Steve Blank Podcast
Summary: Steve Blank, eight-time entrepreneur and now a business school professor at Stanford, Columbia and Berkeley, shares his hard-won wisdom as he pioneers entrepreneurship as a management science, combining Customer Development, Business Model Design and Agile Development. The conclusion? Startups are simply not small versions of large companies! Startups are actually temporary organizations designed to search for a scalable and repeatable business model.
The Lean Startup is a process for turning ideas into commercial ventures. Its premise is that startups begin with a series of untested hypotheses. They succeed by getting out of the building, testing those hypotheses and learning by iterating and refining minimal viable products in front of potential customers.
Why Translational Medicine Will Never be The Same
How To Think Like an Entrepreneur: the Inventure Cycle
“By knowing things that exist, you can know that which does not exist.” - Book of Five Rings...A startup is not just about the idea, it’s about testing and then implementing the idea.A founding team without these skills is likely dead on arrival.
Why Founders Should Know How to Code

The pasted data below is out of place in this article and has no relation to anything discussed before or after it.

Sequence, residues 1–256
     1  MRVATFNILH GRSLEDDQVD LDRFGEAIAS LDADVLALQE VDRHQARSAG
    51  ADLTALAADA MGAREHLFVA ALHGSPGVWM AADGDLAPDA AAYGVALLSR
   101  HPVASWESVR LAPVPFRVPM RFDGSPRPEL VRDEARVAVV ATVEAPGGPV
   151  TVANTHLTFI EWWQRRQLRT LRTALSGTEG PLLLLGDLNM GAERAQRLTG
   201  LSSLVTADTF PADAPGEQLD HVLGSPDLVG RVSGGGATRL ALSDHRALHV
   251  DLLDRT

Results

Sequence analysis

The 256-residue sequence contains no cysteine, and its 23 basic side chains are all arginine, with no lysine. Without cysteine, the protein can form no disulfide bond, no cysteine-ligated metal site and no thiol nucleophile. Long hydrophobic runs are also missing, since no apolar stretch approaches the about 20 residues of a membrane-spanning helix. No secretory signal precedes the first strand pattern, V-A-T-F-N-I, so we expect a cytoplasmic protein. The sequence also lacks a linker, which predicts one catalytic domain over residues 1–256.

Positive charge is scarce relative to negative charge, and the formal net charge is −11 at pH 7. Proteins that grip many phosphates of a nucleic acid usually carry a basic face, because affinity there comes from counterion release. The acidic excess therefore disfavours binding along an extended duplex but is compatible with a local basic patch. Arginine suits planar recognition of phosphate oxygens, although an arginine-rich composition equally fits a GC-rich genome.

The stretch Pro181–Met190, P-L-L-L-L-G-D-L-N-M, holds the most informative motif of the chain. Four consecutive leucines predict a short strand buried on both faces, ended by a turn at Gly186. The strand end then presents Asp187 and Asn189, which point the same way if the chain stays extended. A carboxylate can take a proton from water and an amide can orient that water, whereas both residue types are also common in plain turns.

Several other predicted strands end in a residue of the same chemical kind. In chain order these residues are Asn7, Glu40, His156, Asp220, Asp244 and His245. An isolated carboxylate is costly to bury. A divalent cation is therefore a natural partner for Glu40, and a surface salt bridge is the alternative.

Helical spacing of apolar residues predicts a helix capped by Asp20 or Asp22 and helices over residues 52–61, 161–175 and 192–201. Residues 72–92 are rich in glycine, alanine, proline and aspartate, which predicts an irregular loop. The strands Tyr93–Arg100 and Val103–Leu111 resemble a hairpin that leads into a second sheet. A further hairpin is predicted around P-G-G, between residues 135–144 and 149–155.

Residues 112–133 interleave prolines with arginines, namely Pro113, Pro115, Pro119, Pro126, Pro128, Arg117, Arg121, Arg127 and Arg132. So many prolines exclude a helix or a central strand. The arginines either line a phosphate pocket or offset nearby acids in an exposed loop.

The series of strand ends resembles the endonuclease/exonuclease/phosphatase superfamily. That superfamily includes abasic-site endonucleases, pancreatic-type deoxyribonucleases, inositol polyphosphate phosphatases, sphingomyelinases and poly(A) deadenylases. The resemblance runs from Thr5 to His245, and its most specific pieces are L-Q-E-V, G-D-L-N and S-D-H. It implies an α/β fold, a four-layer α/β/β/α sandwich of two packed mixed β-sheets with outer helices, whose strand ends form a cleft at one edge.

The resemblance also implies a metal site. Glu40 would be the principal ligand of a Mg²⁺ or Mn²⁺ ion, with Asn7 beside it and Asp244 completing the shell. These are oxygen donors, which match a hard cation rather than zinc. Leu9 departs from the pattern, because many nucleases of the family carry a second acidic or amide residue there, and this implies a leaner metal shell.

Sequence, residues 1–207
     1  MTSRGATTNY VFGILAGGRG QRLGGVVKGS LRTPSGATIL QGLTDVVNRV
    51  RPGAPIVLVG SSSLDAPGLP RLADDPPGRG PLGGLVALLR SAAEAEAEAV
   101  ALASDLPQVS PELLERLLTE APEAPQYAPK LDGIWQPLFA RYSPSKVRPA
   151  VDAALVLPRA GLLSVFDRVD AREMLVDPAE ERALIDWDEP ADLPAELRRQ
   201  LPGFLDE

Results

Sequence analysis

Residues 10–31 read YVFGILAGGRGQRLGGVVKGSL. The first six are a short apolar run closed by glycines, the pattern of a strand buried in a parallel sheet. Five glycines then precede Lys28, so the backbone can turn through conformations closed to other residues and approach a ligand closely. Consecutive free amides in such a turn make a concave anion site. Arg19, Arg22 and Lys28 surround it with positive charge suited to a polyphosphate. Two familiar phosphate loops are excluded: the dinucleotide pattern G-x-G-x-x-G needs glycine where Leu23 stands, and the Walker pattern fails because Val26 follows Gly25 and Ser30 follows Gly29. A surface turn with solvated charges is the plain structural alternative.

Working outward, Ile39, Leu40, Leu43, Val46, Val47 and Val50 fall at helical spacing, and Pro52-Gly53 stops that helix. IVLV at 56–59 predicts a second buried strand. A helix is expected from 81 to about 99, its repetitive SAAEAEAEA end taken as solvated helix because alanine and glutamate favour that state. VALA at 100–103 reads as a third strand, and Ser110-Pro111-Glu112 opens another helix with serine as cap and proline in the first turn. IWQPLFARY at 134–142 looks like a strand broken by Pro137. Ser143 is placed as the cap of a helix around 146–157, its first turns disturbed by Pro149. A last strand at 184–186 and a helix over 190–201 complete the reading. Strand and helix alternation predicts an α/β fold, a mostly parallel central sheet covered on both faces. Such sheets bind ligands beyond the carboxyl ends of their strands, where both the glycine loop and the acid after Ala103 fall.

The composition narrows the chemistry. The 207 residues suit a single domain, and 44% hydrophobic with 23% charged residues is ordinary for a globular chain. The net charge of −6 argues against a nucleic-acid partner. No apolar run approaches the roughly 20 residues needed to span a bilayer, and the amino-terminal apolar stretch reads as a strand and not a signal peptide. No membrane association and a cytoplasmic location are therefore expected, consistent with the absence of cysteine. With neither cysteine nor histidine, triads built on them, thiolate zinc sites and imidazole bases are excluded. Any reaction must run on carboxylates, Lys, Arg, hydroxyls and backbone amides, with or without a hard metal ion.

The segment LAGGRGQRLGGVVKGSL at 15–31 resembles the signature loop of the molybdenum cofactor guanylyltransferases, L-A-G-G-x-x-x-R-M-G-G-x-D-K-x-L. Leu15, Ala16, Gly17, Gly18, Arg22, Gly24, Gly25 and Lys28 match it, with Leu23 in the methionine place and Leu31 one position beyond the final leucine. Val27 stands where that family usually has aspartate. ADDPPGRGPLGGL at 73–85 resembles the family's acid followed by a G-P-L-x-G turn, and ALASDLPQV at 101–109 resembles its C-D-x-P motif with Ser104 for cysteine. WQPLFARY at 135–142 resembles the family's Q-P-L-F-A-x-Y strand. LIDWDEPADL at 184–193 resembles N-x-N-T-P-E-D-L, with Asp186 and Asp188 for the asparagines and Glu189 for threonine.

I met Kathryn Gould longer ago than either of us want to admit. Kathryn has been the founding VP of Marketing of Oracle, a successful recruiter, a world class Venture Capitalist, a co-founder of a Venture Capital firm, a great board member, one of my mentors and most importantly a wonderful friend. During her career she made a big point of not telling you: she was one of the first women Venture Capitalist’s in Silicon Valley (along with M.J. Elmore and Ann Winblad) – “I’m just a VC.”
Startups are not smaller versions of large companies, but interestingly we see that companies are not larger versions of startups.
This week the National Science Foundation goes Lean on education by providing $1.2 million to educators who want to bring their classroom innovations to a wider audience.
Getting Lean in Education – By Getting Out of the Classroom
I got a call that reminded me that most people live their life as if it’s predestined – but some live theirs fighting to change it.
Investors sitting through Incubator or Accelerator demo days have three metrics to judge fledgling startups – 1) great looking product demos, 2) compelling PowerPoint slides, and 3) a world-class team. Other than “I’ll know it when I see it”, there’s no formal way for an investor to assess project maturity or quantify risks. Other than measuring engineering progress, there’s no standard language to communicate progress.
How Investors Make Better Decisions: The Investment Readiness Level
We’ve pivoted our Lean LaunchPad / I-Corps curriculum. We’re changing the order in which we teach the business model canvas and customer development to better-fit therapeutics, diagnostics and medical devices.
I-Corps @ NIH – Pivoting the Curriculum
Today the National Institutes of Health announced they are offering my Lean LaunchPad class (I-Corps @ NIH ) to commercialize Life Science. There may come a day that one of these teams makes a drug, diagnostic or medical device that saves your life.